In 2022, the Russia-Ukraine conflict has brought the false energy dilemma into high relief. Everyone is concerned with finding a new balance between affordability, security, and sustainability. The urgent need for gas and oil is for as much of each as possible, as soon as feasible. However, the urge for a rapid transition away from hydrocarbons persists over the longer term.
Oil and gas businesses have faced the same rather paradoxical problem for the last five years. The crisis of 2022 has created new possibilities for Majors, Independents, and NOCs, but it has also intensified the difficulty and hazards.
Oil and gas corporations are recalibrating their strategy, setting the stage for an eventful year. In this research, we identify five major themes and a few wildcards.
As deleveraging progresses more slowly, the dynamics of capital allocation will change.
In 2023, the oil and gas industry will have substantially completed the disinvestment phase of the present cycle. A select set of corporations will strive for zero net debt to fortify their balance sheets. In 2023, more highly leveraged players will attain their ideal condition, especially if oil prices continue over US$80/bbl.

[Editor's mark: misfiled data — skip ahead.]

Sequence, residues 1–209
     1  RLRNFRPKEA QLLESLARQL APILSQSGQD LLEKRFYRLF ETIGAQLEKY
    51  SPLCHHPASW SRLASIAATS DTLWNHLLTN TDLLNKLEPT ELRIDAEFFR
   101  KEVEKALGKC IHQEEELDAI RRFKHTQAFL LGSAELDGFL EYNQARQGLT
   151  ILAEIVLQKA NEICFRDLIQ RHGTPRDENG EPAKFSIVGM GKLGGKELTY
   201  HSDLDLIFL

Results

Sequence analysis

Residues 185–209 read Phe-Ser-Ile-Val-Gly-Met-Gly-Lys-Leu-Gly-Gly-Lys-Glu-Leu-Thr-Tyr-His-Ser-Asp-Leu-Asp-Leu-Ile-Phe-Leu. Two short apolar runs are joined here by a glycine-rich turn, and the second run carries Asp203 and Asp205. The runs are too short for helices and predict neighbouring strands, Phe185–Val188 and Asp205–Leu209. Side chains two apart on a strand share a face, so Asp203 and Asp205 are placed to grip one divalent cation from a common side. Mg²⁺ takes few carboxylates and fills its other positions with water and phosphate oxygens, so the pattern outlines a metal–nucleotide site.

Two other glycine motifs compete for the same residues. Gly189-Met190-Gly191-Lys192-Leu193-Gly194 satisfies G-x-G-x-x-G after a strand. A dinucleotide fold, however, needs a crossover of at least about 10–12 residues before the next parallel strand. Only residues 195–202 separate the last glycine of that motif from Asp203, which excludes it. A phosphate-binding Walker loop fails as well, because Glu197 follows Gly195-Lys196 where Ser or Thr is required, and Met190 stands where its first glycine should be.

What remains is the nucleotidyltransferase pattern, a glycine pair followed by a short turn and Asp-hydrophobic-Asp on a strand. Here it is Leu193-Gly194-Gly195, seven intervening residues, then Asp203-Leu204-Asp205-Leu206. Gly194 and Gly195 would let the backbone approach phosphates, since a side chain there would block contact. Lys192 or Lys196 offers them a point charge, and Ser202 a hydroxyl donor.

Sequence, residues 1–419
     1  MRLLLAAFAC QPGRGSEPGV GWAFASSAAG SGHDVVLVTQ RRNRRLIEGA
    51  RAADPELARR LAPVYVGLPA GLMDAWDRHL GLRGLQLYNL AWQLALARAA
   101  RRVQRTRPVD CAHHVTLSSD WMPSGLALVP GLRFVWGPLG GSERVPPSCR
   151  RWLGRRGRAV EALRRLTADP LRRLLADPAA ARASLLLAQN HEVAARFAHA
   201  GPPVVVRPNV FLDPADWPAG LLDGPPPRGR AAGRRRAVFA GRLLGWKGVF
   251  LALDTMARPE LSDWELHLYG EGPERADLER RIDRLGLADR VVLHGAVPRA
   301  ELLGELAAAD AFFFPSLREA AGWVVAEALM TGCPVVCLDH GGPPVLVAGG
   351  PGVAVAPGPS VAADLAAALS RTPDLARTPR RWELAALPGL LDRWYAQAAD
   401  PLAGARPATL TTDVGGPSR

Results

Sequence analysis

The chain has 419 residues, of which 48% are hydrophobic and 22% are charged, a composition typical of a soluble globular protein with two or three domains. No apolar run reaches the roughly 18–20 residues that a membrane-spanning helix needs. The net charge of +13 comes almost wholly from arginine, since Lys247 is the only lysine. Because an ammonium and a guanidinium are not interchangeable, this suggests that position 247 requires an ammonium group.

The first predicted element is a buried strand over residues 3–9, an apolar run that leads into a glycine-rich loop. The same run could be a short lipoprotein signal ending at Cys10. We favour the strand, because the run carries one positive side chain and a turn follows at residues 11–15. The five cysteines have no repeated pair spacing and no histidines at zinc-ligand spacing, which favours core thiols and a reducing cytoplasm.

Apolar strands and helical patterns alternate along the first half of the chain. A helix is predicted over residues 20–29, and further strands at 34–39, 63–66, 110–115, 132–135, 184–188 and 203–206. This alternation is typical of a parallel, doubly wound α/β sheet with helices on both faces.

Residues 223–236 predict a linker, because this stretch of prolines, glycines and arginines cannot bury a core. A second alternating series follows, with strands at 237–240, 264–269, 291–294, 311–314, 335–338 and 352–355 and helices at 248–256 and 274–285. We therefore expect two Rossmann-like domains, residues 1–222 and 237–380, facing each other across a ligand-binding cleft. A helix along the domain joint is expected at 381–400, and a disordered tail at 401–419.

The industry will have the unparalleled financial fortitude to withstand another price decline. Could a new yearly record be set for buybacks? Will more players widen the investment gap? Who is in the best position to transition to single-digit growth?
Continued restructuring of gas and oil portfolios
Oil and gas companies will continue investing in supply security while highlighting their accomplishments in decarbonization. Emissions intensity will be decreased via improved efficiency, upstream electrification, carbon capture, and high-quality nature-based offsets. The prevalence of net-zero greenfield projects will increase, albeit they will rely substantially on offsets.
In addition, is this the year when carbon capture, utilization, and storage (CCUS) becomes commonplace?
Accelerating the transition to renewable energy
The Majors will begin a new era of low-carbon energy development. Government assistance, particularly the Inflation Reduction Act (IRA) and RepowerEU, will be mitigated by expanding competition, supply chain issues, permission restrictions, and grid-access limitations.
The green hydrogen industry confronts a key year in which it must separate hype from reality.
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